At 5am on Sunday morning, after my 18-month old daughter had woken up early one time too many, I was researching sleep training clocks.

One product stood out on Amazon, with 1,225 reviews averaging 4.5 stars. The top review said it pushed their son’s waking time from 4am to 6am in days. I was interested.

A one star review, however, complimented the build quality, but said the product had been sent back because the bright backlight woke their daughter. A comment from the inventor followed immediately saying he had contacted the factory and added an option to switch off the backlight to the next batch. He promised to send a new version when manufacturing was complete.

It was the best customer service I had ever seen, more influential than any five star review, and I placed an order straight away. It shows that how you deal with criticism doesn’t just impact the aggrieved, but also other current and future customers.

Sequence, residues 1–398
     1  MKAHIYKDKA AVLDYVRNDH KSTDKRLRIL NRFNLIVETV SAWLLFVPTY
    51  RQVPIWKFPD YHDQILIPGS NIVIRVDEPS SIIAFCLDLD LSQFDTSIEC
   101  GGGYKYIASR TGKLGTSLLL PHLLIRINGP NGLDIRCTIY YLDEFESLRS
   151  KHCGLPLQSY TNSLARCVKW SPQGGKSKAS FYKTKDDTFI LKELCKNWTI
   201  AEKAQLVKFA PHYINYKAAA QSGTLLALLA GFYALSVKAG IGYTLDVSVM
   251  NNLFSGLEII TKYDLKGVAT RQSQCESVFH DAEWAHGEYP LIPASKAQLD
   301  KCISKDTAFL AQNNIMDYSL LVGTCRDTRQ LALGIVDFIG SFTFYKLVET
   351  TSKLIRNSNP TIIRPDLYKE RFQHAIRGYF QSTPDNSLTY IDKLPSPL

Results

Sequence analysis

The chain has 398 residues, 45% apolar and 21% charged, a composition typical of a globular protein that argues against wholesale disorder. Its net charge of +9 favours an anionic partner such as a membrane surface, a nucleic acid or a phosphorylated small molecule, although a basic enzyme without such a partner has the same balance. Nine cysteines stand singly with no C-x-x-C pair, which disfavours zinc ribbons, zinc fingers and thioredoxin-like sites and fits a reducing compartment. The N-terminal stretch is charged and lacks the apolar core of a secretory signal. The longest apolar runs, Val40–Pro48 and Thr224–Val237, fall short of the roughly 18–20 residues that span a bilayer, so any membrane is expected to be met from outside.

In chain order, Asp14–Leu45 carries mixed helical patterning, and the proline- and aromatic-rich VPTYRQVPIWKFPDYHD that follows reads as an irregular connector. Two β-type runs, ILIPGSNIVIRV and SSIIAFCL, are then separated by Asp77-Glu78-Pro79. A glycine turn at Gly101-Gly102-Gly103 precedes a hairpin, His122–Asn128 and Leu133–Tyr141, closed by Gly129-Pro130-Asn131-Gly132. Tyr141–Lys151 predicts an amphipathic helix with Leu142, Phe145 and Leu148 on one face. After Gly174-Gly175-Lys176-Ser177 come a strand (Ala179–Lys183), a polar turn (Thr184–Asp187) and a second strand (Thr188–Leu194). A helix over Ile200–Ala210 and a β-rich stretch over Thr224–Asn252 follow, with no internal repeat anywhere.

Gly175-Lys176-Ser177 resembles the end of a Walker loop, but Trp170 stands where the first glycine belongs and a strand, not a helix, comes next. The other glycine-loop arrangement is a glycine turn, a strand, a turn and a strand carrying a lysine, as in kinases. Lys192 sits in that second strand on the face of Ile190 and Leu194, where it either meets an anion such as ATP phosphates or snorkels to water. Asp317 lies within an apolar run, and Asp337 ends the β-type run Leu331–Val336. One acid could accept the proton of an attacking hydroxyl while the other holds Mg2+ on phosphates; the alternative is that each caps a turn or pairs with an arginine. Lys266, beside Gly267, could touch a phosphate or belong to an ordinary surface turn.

RN has spoken to a number of retailers for our staff training special who said customer service is one of the first things they address.

Training consultant Diane Coolican advises standing with new staff members when they talk to customers and giving feedback on where they are strong and how they can improve. High street cobbler Timpson, meanwhile, mystery shops its staff every two years and focuses training on a different area for improvement each time.

Service can win or lose a customer for life and be more influential than any promotion or point of sale material. Staff must buy into your vision, which is why having a well thought out and structured training programme, and getting it right from the start, is so important.